On March 6, 2019, The Nelson Center for Entrepreneurship and Brown EP proudly hosted Laura Thompson ‘09 for a roundtable discussion as part of the Roundtable Discussion Series moderated by Chuck Isgar ‘20.5. Thompson shared lessons learned through her journey leading the growth of Google X.
An early non-engineering hire at Google X
When Thompson first came to Brown, she thought she would concentrate in applied mathematics. She approached her time at Brown as a way to take engaging classes, and many of these courses lay in the realm of entrepreneurship. She ultimately graduated with a degree in public policy, but not before successfully launching Runa, a tea company with a social mission of providing opportunities for Amazonian farmers.
After doing some work in London with Google’s budding consumer electronics group, Thompson joined Google X, Google’s “moonshot factory”. Thompson was a unique addition to Google X as she represented an early non-engineering hire for the team. When she joined, there were four projects in the works under the Google X umbrella: one being self-driving cars. And you’re probably wondering about those other three? Well, as much of her work at Google X, it was secretive.
So, what was a public policy major doing as one of the few non-engineers on a team trying to solve complex technical problems, ranging from combating climate change to the future of robots? Thompson shared that the fact she wasn’t an engineer is actually what made her so valuable at Google X. For example, Thompson helped teams think about the human consequences of their work and what it would take for projects to land successfully in the real world.
Leading Google X through the years
There is a growing need in technology to prioritize human-centered design and Thompson is pleased to see this movement progressing. Along these lines, Thompson explained that they thought about sustainability at every level of the project and ideation process in her time at Google X.
The goal at Google X is to create a culture of innovation that leads to development of ideas for the future. At first, Google X thought that the way to achieve the most success would be to have everyone together. Over time, they realized that this model wasn’t sustainable. Thompson was part of the transformation from the ‘everyone-in-a-garage-mentality’ to a more sustainable model where each project gets spun off and has its own business model, while still being under the Google X umbrella.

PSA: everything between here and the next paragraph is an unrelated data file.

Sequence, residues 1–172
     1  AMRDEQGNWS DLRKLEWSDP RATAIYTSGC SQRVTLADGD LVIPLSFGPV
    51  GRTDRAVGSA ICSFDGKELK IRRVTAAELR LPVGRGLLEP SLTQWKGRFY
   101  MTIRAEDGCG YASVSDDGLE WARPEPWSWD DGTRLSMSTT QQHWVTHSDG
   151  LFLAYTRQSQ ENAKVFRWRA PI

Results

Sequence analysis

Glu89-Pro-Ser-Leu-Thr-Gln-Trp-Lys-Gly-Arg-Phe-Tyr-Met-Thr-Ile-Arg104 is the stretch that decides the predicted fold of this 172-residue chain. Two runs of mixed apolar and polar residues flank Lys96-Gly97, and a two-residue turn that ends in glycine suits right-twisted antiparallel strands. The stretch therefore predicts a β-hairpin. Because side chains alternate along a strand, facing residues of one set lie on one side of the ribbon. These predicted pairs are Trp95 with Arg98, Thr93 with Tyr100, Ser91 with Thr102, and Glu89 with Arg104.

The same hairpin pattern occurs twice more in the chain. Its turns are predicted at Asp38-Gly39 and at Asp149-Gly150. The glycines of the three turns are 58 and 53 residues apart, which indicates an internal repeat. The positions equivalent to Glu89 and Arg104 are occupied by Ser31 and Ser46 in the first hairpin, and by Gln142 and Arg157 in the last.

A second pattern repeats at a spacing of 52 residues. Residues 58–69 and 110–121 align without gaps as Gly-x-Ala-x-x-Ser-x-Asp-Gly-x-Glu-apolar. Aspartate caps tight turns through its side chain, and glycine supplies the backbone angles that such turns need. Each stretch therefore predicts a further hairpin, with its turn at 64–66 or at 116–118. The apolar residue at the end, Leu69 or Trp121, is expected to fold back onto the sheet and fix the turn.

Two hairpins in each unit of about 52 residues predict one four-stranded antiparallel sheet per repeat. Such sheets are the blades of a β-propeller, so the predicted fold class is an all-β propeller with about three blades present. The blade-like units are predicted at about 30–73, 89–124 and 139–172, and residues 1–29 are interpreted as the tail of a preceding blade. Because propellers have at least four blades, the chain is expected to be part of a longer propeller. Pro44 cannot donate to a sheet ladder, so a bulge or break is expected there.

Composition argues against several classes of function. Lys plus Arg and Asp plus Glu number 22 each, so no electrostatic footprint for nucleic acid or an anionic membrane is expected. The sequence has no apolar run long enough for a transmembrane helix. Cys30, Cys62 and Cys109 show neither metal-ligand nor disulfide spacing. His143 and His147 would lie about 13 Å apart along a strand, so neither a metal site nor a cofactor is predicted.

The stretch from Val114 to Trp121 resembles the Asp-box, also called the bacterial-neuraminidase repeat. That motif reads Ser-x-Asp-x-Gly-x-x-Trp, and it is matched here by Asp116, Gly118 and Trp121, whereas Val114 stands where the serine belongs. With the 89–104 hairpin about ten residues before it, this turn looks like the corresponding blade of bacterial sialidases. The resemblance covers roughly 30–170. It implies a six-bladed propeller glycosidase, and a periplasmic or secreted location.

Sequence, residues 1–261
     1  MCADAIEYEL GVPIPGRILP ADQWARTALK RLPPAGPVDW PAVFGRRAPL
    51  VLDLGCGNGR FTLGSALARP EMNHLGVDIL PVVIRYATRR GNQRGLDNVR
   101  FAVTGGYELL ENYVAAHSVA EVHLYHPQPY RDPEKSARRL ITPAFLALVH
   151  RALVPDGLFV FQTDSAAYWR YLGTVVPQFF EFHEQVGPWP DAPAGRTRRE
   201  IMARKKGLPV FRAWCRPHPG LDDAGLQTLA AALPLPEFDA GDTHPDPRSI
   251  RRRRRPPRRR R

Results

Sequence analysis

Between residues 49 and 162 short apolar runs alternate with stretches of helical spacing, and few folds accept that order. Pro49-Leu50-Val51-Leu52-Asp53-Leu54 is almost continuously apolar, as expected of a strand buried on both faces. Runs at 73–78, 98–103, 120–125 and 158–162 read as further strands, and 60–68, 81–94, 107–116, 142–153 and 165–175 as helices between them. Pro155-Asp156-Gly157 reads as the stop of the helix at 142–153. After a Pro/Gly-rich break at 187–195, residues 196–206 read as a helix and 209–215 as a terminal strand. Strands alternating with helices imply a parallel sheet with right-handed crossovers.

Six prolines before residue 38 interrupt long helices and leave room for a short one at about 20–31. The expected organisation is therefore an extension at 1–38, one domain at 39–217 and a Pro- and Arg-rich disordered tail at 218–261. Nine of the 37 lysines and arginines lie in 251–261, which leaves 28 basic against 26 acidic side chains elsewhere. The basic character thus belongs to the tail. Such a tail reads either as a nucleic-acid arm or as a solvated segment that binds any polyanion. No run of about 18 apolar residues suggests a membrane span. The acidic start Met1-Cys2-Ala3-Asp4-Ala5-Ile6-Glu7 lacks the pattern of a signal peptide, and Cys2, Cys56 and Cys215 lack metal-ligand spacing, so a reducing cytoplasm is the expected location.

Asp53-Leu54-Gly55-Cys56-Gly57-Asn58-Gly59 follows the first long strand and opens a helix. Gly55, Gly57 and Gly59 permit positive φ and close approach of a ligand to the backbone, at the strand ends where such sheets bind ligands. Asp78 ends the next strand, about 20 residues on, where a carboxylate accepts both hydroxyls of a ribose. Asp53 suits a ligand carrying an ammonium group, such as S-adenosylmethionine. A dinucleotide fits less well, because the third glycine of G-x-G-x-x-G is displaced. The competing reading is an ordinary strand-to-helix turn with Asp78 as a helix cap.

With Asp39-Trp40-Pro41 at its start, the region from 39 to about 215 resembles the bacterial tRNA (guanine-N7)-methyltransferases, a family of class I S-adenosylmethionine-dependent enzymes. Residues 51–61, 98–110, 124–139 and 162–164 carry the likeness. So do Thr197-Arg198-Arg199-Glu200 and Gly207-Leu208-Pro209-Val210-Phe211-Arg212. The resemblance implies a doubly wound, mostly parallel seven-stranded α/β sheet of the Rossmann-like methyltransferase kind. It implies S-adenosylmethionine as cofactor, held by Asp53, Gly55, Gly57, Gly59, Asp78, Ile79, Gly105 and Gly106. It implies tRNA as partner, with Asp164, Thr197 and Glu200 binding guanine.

Analyzing ideas at Google X
To the budding venture capitalists in the room, Thompson shared a framework that they commonly utilized at Google X when deciding which new projects to undertake. For each potential project, they would make a list of all the reasons the project would be an epic failure. As the team worked on the project and overcame the challenges, they would cross them off the list. If a project could overcome one quarter of their challenges, the project would likely be a go, as the team had proven they have the ability to overcome the difficulties that will surely present themselves along the way.
Thompson explained another rule of thumb used at Google X when evaluating new projects: “is this going to affect one billion people in a meaningful way?” This message resonates closely with the Nelson Center for Entrepreneurship’s mantra: create solution with impact.
Despite the best intentions, many successful innovations come from random, happy experiments. It is for this reason that while they had rubrics in place, they also saw it was important to let teams run loose.
The innovators in the room were curious to get Thompson’s thoughts on what’s next in terms of innovative technology. Thompson explained that, for one, it is good to see a growing skepticism surrounding technology. She is excited that the next generation appears to be focused on technology being good for humanity.
Thompson thinks there are opportunities for disruption in the fields of personal finance, logistics of shipping and transportation, and sustainability. And her personal favorite, dog-related startups, too.
As the discussion neared an end, Thompson left students with some words of wisdom: “you’re only going to be great at something if you’re excited about it.” Along these lines, Thompson stressed the importance of pursuing things you’re excited about with people you respect and who you have shared values with and enjoy working with.